Chancellor wins on banking regulations
Chancellor of the Exchequer George Osborne has secured a key agreement allowing the UK government to regulate its banks more strictly than other EU member states.
The agreement was secured in Brussels between European Union finance ministers.
It allows the UK to ring-fence retail banking operations from riskier investment banking operations in order to protect them in the event of another financial crisis.
This was a key element in recommendations made by the Independent Commission on Banking in 2011.
At the meeting, Mr Osborne softened his position on a proposed EU law which would introduce more stringent capital standards for banks.
The law has been a sticking point between Britain and the rest of the EU.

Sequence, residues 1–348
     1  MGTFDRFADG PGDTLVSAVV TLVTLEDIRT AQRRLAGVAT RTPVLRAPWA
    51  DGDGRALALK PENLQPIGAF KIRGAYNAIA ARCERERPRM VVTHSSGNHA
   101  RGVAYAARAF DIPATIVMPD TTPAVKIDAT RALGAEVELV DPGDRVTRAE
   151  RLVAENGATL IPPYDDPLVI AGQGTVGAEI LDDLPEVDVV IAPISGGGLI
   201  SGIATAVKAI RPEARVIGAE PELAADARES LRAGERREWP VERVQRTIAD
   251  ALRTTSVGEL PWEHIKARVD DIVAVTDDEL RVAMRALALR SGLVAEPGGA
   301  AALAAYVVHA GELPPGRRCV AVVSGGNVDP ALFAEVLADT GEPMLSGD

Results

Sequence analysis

Mr Osborne dropped his objections in the face of ongoing difficulties in the eurozone, and expressed his support for the proposal.
This will allow regulations to be introduced next year requiring banks in EU states to hold more capital to cover potential losses on loans.
“We are reaching a point where we have got to make a decision to see the euro zone stand behind their currency,” Mr Osborne said.
Mr Osborne secured the right for Britain to increase the minimum capital buffer held by banks from 7 per cent to 10 per cent; however the UK will require permission from Brussels to raise it above this level.
Meanwhile, financial experts have warned MPs that selling the government’s stake in RBS and Lloyds could take years.
The government acquired shares in the two banks as part of its rescue package during the banking crisis.
Experts, including fund managers and investment bankers, told a committee of MPs that public anger towards banks was keeping the share price low and that breaking up RBS could reduce the amount taxpayers receive for their stake in the bank.